Likely due to massive civil unrest in war torn Libya, scores of people in the capital city of Tripoli have sought medical attention for leishmaniasis, a parasitic infection transmitted to people via the bite of a sandfly vector, according to a Libya Herald report.
The chaotic situation in Libya likely has resulted in a breakdown in vector control and public health measures; however, Libya has experienced leishmaniasis outbreaks in previous years when thousands were infected.
Leishmaniasis is not a single disease, but a group of syndromes due to a variety of species of this parasite. The affect different populations and are related to a characteristic vector, the sandfly.
The disease can range from asymptomatic infections to those causing significant illness and death. Disease can appear on a spectrum from a single skin ulcer to destructive lesions of the face to terminal organ disease.
Leishmaniasis is found in 88 countries worldwide and is broken down between Old World and New World. Old World leishmaniasis is primarily found in parts of Asia, East and North Africa, Soouthern Europe and the Middle East.
New World leishmaniasis occurs from northern Mexico to northern Argentina, with rare cases reported in parts of Texas and Oklahoma. In South America it is not found in Chile or Uruguay.
Leishmaniasis in the US is typically indicative of immigration and travel.
The vector for this parasite is a phlebotomine sandfly. There are a few different species implicated depending on the part of the world.
Sandflies are very small (about 1/3 the size of a mosquito) and make no noise when flying. There bites can sometimes be painless; because of these reasons, many people have no idea they were bitten.
Even one bite of a sandfly can transmit disease, so travelers on short trips can still get infected.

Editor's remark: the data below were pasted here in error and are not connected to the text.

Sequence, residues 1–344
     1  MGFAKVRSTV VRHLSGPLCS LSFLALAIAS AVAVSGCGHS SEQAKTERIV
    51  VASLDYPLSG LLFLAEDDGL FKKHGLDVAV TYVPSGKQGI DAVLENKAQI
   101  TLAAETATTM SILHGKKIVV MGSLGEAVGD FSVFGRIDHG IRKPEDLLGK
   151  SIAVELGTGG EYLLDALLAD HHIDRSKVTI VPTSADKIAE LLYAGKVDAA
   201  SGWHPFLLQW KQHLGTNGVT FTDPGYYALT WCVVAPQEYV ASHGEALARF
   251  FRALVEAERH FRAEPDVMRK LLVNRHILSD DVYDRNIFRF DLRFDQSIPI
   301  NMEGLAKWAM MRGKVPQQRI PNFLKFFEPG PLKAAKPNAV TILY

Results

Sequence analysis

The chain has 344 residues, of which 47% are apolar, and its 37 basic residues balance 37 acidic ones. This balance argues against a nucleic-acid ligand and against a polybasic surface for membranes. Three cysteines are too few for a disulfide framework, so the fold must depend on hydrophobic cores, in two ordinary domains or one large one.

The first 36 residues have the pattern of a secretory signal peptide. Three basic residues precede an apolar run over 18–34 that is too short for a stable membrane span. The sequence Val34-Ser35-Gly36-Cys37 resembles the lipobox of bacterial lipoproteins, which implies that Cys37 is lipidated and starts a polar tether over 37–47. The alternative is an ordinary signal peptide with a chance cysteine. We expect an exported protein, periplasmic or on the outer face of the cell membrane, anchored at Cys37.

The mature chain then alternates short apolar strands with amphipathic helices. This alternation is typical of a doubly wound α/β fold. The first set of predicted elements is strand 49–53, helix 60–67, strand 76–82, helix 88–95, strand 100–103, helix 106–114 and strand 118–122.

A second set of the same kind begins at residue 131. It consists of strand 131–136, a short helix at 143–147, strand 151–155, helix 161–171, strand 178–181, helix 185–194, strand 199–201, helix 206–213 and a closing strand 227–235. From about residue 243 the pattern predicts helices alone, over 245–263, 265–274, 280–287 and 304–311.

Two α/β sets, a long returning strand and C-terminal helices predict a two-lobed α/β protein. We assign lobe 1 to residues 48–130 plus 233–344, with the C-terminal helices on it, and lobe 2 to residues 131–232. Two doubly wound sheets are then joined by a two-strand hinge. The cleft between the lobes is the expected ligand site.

When the female sandfly takes a blood meal it injects the parasite into the wound. Macrophages pick up the parasite and here they multiply until the cell bursts from overcrowding. The parasite goes on to infect more macrophages.
Some of these cells get carried to organs of the body including the liver, spleen and the bone marrow.
There are several species of Leishmania that cause disease in humans. The most common are Leishmania donovani (kala-azar), L. tropica (Baghdad boil), and L. braziliensis (espundia).
After getting bitten by a sandfly, disease may manifest itself from a week to many months later.
It starts out as a papule that enlarges to an ulcer. The ulcer can give the appearance of a volcano crater. Lesions may appear singly or multiple; many heal spontaneously within weeks to months to years.
Certain species (L. braziliensis) can disseminate to the mucosal areas of the face and mouth and cause very destructive and disfiguring disease (espundia) that appears similar to leprosy.
Kala-azar, an Indian name given to systemic type of the disease due to the grayish appearance of the body, can result in enlarged spleen and liver, diarrhea, emaciation, weakness and death.
There is not a vaccine available to prevent leishmaniasis. The best way is to avoid sandfly bites.
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